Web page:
Today, the Appeals Chamber at the International Criminal Court (ICC) delivered its judgment in the appeal lodged by the prosecution against the acquittal of Mathieu Ngudjolo Chui. In December 2012, Trial Chamber II acquitted Ngudjolo of war crimes and crimes against humanity allegedly committed during an attack on the village of Bogoro in eastern Democratic Republic of the Congo (DRC). A majority of the five-judge panel confirmed the acquittal. Two judges dissented.
The prosecutor had put forward three grounds of appeals, namely:
That the trial chamber erred in law in its application of the “guilty beyond reasonable doubt” standard of proof;
That the trial chamber erred in law because it failed to consider all the evidence and facts in making its decision; and
That … Continue Reading
An appellate court has now been constituted to issue a ruling on whether Rios Montt can benefit from an amnesty issued by his successor.
Interpol issued an international arrest warrant against Lucas Martinez, a former police official suspected of taking part in the 1991 killing of José Mérida, who was assassinated after testifying about state involvement in the 1990 killing of anthropologist Myrna Mack.
Guatemala’s Supreme Court announced the creation of another high-risk court to deal with sensitive cases.
An executive commission continues analyzing whether the International Commission against Impunity in Guatemala (CICIG) should extend beyond September, including through hearing representations by CICIG as well as academic, civil society, and private actors.
Appellate Court Judges Will Decide on Rios Montt Amnesty
On January 29, the … Continue Reading
Trial judges at the International Criminal Court (ICC) have issued a subpoena for Witness 727 to testify via video link, starting March 23, in the trial of Deputy President William Samoei Ruto and former journalist Joshua arap Sang.
Trial Chamber V(a) on Tuesday ordered the Registry to transmit the summons it has issued, and other documents, to the country where Witness 727 is residing. The chamber asked the Registry to report to it by March 6 on the progress in the arrangements for Witness 727 to testify before the ICC.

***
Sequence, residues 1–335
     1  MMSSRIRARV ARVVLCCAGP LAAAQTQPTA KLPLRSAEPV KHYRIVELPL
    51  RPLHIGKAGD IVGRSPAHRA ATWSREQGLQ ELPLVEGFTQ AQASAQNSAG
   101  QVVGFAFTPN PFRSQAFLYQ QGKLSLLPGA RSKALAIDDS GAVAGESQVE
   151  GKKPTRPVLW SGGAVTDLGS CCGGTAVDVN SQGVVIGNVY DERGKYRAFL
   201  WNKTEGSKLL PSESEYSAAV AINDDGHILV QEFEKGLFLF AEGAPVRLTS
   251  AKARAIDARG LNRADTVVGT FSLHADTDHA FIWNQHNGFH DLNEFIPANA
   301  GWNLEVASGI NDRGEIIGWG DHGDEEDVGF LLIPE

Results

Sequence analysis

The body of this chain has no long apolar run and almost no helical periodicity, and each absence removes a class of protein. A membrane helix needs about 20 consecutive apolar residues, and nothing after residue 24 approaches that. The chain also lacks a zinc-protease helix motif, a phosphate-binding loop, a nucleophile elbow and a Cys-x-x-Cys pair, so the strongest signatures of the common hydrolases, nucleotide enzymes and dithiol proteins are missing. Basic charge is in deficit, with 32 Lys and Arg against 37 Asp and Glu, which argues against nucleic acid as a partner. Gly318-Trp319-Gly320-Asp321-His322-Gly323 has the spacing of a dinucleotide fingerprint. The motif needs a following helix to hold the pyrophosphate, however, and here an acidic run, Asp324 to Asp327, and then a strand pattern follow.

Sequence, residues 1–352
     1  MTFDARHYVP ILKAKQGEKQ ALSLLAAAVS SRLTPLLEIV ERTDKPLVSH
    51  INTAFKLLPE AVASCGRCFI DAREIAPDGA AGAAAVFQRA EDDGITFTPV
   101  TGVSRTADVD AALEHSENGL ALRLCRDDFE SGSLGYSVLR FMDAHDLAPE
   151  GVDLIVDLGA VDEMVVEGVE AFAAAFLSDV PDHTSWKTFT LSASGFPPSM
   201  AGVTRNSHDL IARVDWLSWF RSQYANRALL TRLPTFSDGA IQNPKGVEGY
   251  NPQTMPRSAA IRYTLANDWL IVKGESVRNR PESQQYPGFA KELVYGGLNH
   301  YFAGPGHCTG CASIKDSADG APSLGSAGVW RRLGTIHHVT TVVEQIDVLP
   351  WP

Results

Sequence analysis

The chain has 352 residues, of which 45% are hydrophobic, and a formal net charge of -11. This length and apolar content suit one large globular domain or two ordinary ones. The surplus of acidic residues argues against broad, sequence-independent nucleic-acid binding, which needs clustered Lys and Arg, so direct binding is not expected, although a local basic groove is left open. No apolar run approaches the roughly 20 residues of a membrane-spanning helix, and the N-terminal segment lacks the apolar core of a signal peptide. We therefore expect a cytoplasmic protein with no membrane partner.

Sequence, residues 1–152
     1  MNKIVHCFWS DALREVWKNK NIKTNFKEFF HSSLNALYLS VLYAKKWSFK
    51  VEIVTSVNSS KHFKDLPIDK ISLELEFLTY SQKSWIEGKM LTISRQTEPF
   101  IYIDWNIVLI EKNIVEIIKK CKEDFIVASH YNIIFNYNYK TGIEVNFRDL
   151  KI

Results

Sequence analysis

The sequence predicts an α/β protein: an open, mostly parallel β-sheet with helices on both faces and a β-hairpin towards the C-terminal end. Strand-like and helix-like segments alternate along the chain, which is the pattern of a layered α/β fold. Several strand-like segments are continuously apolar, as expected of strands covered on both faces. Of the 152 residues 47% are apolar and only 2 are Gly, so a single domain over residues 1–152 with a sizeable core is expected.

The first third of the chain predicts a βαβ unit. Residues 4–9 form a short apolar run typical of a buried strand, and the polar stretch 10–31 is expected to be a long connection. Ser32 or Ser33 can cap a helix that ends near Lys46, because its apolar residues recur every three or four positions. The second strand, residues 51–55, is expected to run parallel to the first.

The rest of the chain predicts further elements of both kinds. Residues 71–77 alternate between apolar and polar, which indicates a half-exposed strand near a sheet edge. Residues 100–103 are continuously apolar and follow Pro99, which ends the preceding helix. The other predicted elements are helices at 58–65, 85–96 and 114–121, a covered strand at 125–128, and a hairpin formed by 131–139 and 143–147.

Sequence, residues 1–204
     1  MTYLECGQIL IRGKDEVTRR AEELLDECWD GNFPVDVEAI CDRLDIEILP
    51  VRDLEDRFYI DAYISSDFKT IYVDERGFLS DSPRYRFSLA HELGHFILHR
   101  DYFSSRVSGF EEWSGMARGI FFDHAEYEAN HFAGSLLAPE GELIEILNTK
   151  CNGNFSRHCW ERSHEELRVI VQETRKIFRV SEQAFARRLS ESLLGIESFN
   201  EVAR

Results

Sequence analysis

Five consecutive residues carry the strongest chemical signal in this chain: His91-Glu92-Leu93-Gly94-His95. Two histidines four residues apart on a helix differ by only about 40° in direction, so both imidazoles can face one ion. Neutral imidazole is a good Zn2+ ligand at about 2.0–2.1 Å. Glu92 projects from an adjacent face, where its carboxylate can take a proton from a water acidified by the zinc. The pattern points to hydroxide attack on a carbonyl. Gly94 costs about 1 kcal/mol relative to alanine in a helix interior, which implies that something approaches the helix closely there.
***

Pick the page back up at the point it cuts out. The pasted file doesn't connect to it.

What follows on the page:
The chamber made Tuesday’s unanimous decision after considering an application the prosecution made on December 17, 2014 for the summons to be issued. Before making its decision the chamber also considered written … Continue Reading
In recent news related to transitional justice in Guatemala, there have been reports that the Constitutional Court cleared a hurdle to allow former dictator Efraín Ríos Montt to face genocide charges in a second case, which is related to the 1982 massacre of the village of Dos Erres, even though prosecutors intend only to prosecute him for homicide. A lawyer for recently convicted police official Pedro Garcia Arredondo also sought to bring criminal charges against the three judges who convicted his client for his role in the Spanish embassy fire. Meanwhile, a presidential commission considers whether to support the continuation of the International Commission against Impunity in Guatemala (CICIG), due to finish its fourth term in September.
Reports Around Second Criminal Prosecution Against … Continue Reading
A second trial for Jean Pierre Bemba at the International Criminal Court (ICC) is now imminent after the court’s Presidency named judges to try the Congolese opposition leader and his four associates. Trial Chamber VII was constituted after a pre-trial judge rejected their bid to appeal the confirmation of charges decision.
Judge Chile Eboe-Osuji will preside over the trial of the five individuals accused of corruptly influencing witnesses that testified in Mr. Bemba’s trial for war crimes and crimes against humanity at the ICC. The other judges that make up the chamber are Olga Herrera Carbuccia and Robert Fremr.
Last November, the pre-trial chamber found that there were reasonable grounds to believe that Mr. Bemba, his two former lawyers Aimé Kilolo Musamba … Continue Reading